To ensure electricity is available when residents flip on a switch, utilities must keep generators running at all times in case the wind stops blowing or the sun stops shining, energy experts said.

“You can’t just turn a power plant on and off (when you don’t need it),” said panelist and Pacific Biodiesel founder Bob King.

Battery power storage may be an option in the future, but MECO officials have said previously that the utility is exploring emerging storage technologies that are effective, reliable and cost-effective.

MECO has been working with companies in the private sector, such as Maui’s leading solar panel installer, Rising Sun Solar and Electric, for the last several years to discuss how the utility may continue to accept electricity generated from a sharply increasing number of solar panels. The utility also has been looking at other sources of renewable energy, from biofuels to wind energy.

“It’s a three-legged stool where the utility may need to change and look at becoming more of a platform; the consumers also need to become more patient to understand what the real problems are; and we (the private sector) need to innovate and adapt to the new realities,” Rising Sun owner Matias Besasso said during discussions Thursday.

It is the utilities that are “holding the bacon,” panelists said, because utilities have the most invested in this shifting energy landscape.

“The role of the utility is changing to more of a facilitator of the transmission of different systems,” said Maui County Council Member Don Guzman, who chairs the council’s Committee on Economic Development, Energy, Agriculture and Recreation. Solar PV generation is one system, along with wind and possibly geothermal, Guzman said.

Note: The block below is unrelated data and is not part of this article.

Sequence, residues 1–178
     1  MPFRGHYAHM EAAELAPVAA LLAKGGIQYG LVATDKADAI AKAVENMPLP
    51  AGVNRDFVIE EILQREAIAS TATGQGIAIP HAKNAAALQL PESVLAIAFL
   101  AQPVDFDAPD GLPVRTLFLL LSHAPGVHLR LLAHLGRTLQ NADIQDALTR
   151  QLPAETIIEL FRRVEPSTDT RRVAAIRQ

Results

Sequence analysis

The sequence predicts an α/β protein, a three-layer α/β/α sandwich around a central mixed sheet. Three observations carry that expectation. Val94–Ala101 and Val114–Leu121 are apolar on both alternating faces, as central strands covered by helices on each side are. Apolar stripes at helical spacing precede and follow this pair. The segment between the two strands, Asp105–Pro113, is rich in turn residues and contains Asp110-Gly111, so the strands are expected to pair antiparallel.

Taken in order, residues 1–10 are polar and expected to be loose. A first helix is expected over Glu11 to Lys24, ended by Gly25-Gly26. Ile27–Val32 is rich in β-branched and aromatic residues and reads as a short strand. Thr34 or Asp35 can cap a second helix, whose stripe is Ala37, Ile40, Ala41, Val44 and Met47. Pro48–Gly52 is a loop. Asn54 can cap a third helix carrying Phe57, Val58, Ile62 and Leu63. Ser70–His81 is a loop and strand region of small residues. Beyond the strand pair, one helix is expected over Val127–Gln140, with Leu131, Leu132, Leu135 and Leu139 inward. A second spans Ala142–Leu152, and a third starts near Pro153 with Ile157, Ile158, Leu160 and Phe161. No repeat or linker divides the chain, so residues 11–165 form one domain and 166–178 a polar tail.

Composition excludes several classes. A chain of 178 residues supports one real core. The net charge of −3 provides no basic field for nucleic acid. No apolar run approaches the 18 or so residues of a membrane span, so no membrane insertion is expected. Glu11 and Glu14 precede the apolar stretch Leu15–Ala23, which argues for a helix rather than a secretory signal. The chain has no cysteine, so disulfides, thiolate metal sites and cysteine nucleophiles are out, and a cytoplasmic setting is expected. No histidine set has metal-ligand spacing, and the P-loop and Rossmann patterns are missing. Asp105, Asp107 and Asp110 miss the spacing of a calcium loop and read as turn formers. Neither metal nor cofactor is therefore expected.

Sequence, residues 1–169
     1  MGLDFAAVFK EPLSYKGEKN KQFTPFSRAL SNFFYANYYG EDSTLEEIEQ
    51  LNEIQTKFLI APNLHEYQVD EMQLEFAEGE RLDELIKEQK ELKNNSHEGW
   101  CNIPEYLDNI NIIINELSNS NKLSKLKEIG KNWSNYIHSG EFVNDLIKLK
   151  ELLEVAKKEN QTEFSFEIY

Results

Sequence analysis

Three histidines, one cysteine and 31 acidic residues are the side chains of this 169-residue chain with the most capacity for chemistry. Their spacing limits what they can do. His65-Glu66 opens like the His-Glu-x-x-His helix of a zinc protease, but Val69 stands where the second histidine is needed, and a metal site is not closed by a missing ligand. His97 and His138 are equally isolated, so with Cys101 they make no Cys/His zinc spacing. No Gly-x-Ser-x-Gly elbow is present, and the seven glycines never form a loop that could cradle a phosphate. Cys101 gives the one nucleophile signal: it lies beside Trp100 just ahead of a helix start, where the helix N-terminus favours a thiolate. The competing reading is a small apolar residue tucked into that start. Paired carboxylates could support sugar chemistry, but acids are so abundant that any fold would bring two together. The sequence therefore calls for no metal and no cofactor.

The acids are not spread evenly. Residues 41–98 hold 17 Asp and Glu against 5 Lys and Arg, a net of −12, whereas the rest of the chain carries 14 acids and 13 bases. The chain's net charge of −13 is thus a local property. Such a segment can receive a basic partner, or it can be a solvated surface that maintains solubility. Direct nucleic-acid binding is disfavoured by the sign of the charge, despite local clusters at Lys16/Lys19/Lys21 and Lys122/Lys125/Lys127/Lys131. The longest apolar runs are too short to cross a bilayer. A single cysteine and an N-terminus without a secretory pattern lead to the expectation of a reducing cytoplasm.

Industry professionals and utility representatives agreed on one thing though – utilities are going to have to change their current operating systems to accommodate more renewable energies. To what extent and in what direction have yet to be determined, and last week’s conference aimed to move Maui closer to reaching those answers.

“It’s not utilities are going to win or the solar industry is going to win. There’s no reason why through partnerships, both industries cannot win and thrive and survive and work for an outcome that’s in society’s best interest,” Solar Electric Power Association President Julia Hamm said during her keynote address Wednesday. The nonprofit association represents more than 900 companies nationwide from both the solar industry and electric utilities.

The conference was hosted by the Maui County Office of Economic Development and Maui Economic Development Board. Sponsors included the Hawaiian Electric Companies, Hitachi, New Energy and Industrial Technology Development Organization, Hawaii Energy, the state Department of Business, Economic Development and Tourism, Eurus Energy, HNU-Energy, Sempra Energy and others.

* Eileen Chao can be reached at echao@mauinews.com.